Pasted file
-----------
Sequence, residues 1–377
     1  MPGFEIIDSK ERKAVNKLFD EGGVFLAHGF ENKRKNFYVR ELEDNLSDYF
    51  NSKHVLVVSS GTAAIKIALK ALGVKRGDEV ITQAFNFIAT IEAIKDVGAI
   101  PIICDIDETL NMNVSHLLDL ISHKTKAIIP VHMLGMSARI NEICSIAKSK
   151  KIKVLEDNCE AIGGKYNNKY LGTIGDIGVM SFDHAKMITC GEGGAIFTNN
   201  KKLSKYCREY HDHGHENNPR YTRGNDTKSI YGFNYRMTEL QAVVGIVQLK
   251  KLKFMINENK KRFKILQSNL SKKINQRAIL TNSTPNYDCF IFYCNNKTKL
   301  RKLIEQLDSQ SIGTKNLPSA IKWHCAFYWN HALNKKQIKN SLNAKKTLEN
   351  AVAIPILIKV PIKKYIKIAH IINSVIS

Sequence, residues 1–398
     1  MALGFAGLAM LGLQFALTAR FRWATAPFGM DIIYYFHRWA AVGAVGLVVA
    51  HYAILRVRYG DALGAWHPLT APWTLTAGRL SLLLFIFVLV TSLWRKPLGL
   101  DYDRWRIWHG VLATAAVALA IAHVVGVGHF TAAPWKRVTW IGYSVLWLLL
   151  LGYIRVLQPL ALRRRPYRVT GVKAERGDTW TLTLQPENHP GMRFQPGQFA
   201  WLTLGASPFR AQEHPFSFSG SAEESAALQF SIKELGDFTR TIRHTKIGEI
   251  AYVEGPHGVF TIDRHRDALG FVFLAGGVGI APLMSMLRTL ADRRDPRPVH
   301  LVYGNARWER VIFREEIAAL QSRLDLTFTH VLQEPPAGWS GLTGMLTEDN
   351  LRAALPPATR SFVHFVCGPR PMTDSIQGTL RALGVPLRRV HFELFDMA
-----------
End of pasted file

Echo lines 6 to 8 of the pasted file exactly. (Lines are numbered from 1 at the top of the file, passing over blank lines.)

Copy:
   201  KKLSKYCREY HDHGHENNPR YTRGNDTKSI YGFNYRMTEL QAVVGIVQLK
   251  KLKFMINENK KRFKILQSNL SKKINQRAIL TNSTPNYDCF IFYCNNKTKL
   301  RKLIEQLDSQ SIGTKNLPSA IKWHCAFYWN HALNKKQIKN SLNAKKTLEN